Written by Dentistry Today Monday, 28 April 2014 15:05
A new discovery has been made in jaw tumors.
A Finnish team of researchers recently pinpointed a gene mutation in ameloblastoma, which is a tumor of the jaw. Ameloblastoma is an odontogenic tumor that often comes back even after treatment. It usually is located in the posterior of the lower jaw.
The information appears in the Journal of Pathology.
Surgery is generally used to treat ameloblastomas, which cause tissue deficiencies in the jaw, in addition to tooth loss. It’s possible that drug therapy may lower the need for surgery but the picture of pathogenesis of the tumor needs to be clearer.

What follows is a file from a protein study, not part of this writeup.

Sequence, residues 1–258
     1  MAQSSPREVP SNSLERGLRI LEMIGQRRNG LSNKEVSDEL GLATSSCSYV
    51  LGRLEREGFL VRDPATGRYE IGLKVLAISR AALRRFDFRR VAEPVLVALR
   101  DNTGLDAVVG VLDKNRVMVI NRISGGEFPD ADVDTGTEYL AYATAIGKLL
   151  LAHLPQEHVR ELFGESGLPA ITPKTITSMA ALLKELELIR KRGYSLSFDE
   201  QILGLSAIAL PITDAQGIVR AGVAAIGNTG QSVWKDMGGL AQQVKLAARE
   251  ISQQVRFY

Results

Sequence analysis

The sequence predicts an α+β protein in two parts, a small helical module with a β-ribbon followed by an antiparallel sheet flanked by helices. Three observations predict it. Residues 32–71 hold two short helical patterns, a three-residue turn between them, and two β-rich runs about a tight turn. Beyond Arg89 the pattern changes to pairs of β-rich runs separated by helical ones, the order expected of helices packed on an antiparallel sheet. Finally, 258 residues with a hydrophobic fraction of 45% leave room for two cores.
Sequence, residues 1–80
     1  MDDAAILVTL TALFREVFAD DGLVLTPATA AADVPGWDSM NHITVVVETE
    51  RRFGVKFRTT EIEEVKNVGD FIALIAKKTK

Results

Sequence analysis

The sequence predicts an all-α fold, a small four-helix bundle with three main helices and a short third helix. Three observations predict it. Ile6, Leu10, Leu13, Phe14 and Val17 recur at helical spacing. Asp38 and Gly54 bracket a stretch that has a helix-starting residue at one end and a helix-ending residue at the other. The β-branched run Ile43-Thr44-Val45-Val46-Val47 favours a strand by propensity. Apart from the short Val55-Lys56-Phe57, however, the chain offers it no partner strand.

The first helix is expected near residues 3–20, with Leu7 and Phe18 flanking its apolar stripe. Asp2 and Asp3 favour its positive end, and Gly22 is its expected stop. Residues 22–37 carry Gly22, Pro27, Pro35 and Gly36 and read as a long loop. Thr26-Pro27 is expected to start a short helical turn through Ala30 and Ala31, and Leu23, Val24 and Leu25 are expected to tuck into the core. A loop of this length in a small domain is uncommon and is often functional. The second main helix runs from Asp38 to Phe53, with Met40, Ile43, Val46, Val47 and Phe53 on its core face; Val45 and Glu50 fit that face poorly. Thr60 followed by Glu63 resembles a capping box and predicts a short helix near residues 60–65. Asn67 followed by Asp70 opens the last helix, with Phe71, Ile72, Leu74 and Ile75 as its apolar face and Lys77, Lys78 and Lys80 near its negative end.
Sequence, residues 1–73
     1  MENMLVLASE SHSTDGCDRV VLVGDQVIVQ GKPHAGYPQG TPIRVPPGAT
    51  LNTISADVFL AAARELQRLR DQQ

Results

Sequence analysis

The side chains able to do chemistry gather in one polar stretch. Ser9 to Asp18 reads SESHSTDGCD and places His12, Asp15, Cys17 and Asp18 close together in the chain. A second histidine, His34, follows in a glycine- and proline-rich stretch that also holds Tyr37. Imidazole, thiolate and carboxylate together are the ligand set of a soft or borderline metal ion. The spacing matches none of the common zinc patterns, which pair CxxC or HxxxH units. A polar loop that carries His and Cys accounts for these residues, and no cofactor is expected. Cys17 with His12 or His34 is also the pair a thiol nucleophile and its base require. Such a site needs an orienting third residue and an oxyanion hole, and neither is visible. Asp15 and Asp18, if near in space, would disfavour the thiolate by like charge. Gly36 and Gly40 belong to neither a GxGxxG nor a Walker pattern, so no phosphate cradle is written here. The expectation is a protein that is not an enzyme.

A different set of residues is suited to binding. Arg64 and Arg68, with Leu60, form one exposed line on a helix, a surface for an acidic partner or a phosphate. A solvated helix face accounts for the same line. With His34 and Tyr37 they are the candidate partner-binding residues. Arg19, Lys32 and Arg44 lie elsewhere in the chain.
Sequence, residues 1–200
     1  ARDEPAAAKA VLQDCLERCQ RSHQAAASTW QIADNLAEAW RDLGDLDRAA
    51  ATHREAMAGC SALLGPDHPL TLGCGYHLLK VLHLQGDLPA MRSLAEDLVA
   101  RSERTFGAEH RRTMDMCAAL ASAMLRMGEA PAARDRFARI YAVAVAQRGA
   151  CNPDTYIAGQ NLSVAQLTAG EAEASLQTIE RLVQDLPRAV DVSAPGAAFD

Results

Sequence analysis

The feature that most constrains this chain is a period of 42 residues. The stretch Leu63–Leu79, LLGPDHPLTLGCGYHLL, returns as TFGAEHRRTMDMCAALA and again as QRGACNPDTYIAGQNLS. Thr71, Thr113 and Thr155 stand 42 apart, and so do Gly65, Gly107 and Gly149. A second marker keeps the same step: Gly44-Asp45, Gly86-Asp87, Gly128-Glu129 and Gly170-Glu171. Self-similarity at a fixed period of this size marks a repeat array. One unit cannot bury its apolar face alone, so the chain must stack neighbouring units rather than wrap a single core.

Research teams have been looking for the mutation that produces ameloblastoma for many years but it took until now to find it in a patient living in Finland. The researchers comprised a team from the University of Turku and the University of Eastern Finland.
This discovery could be groundbreaking based on the idea that it has a direct correlation to treatment because a targeted drug for this particular mutation is already available.